I reconsider for a few moments, and then alter the designation so that the plug is not merely one z-level thick, but several. Why? So that when the plug smashes down into the magma sea, it is tall enough that it will also block off the trap passageway, preventing continuing demonic incursion. We'll see how effective it actually is, of course.

Finally, I connect the far end of the trap with the blood thorn grove. It's a long way to travel - I hope that the demons are able to find their way.

In the mid-spring of 1255, a rare event occurs - a dwarven child grows to adulthood.

Thob Helmedbands is a legendary wood crafter, but for the time being he identifies as a peasant.

Thob was born in the year 1243, twelve years ago. Thob has never known any life beyond the monotony of Roomcarnage - the fortress was abandoned by the mountainhome long before he was born. It is likely that he has never seen the sun - or tasted ocean sunfish, for that matter, and yet he prefers it.

It is as terrible a time as any to be living in Roomcarnage. I enlist Thob in the Worthy Seals, the squad led by militia commander Adil Claspedpalace. Hopefully Adil is able to whip Thob into shape before the end times.

Work continues on the demonslaying trap. As before, the miners tend to spend more of their time in combat training, so progress is slow.

Before the drop stone is completely carved out, I have support constructed underneath.

And after a time, it is nearly finished! The plug teeters atop a single support - forty-eight cubic urists poised to plummet fifty-five z-levels downward, crushing the switchbacks into dust before plunging into the magma sea.

All of the designation is done. Now, all the trap needs is a lever. For the honor, I select Drinkburials the legendary mechanisms.

Then - carefully - I order the legendary lever to be linked to the granite pillar.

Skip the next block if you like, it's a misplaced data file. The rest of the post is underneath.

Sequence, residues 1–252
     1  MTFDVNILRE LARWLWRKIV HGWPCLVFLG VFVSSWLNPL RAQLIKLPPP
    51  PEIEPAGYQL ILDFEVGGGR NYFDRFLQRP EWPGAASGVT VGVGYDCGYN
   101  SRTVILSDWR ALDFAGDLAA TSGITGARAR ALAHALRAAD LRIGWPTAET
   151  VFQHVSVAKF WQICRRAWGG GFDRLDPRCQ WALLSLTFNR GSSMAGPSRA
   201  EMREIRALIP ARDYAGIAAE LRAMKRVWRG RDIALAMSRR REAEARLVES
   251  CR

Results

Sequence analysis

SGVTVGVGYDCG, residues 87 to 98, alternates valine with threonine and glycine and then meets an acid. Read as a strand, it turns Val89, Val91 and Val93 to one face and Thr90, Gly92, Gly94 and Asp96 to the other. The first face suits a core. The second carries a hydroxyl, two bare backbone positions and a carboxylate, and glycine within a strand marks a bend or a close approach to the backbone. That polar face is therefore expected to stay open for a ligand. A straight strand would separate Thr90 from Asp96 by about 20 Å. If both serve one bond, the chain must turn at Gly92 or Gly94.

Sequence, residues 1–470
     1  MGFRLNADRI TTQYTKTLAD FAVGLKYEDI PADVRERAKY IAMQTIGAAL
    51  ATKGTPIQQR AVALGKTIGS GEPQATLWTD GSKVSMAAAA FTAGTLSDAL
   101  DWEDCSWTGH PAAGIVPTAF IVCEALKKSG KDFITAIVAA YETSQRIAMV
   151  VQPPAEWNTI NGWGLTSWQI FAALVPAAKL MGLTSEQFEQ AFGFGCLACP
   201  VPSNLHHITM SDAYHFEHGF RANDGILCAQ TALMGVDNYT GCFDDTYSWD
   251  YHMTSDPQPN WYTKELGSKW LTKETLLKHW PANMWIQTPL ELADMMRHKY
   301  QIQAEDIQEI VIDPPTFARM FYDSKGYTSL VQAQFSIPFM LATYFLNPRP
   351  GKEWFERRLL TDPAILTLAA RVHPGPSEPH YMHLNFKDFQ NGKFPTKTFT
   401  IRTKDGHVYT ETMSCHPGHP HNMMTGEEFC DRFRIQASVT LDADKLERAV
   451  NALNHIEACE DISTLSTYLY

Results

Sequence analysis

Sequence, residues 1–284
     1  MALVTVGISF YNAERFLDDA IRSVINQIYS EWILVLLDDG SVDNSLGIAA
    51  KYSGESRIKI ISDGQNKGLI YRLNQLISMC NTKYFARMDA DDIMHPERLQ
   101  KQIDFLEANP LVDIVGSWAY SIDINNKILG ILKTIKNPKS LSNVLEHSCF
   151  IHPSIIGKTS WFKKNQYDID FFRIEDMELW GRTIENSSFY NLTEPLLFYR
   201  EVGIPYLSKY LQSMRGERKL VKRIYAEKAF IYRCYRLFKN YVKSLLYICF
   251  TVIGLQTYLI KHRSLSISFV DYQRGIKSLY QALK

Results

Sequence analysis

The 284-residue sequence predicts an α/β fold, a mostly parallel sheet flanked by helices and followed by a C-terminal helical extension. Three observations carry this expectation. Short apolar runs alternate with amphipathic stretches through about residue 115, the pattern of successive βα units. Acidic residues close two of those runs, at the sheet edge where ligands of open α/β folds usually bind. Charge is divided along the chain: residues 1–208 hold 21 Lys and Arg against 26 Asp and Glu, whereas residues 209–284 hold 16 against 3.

As the dwarves link up the mechanisms, I notice a curiosity. At the map's northern edge, not far from a subterranean magma lake, there is a small pack of crundles and a reacher. Most notably, these creatures are still alive.

Most of the rest of the caverns are infested with undead - some portions could be described as swarming, if the monsters weren't just standing there idly most of the time.

I'm not sure if crundles produce bone - but reachers certainly do. If I could collect these wild creatures, they could be slaughtered - or, in the case of the crundles, tamed and bred. It's a dangerous possibility - but I'm willing to take the risk, if it means future moody dwarves might be saved.

After a small chamber is dug out beneath the death-free zone, I order a large number of cage traps to be built around the up stairs. I'll wait to have the down stairs carved out until after the traps are in place.

As efforts on the cage traps begin, I place the finishing touches on the demonslaying trap. To keep myself - and hopefully any rogue dwarves - from tampering with the levers, I forbid both of them.

And now that linking is complete, I order the last access tunnel closed off, and a bypass tunnel dug. Now the trap is truly complete.

In the early summer of 1255, another dwarf is taken by a strange mood.

My stomach twists as Datan claims a magma forge. If this mood is doomed to fail, will I tear down the smelters that have stood for five decades?

The cage traps are not yet loaded, and even if they were, it would take precious time to mine the staircases, wait for an animal to stumble into a trap, drag it back into the fortress, and butcher it for bone.

continued in part three...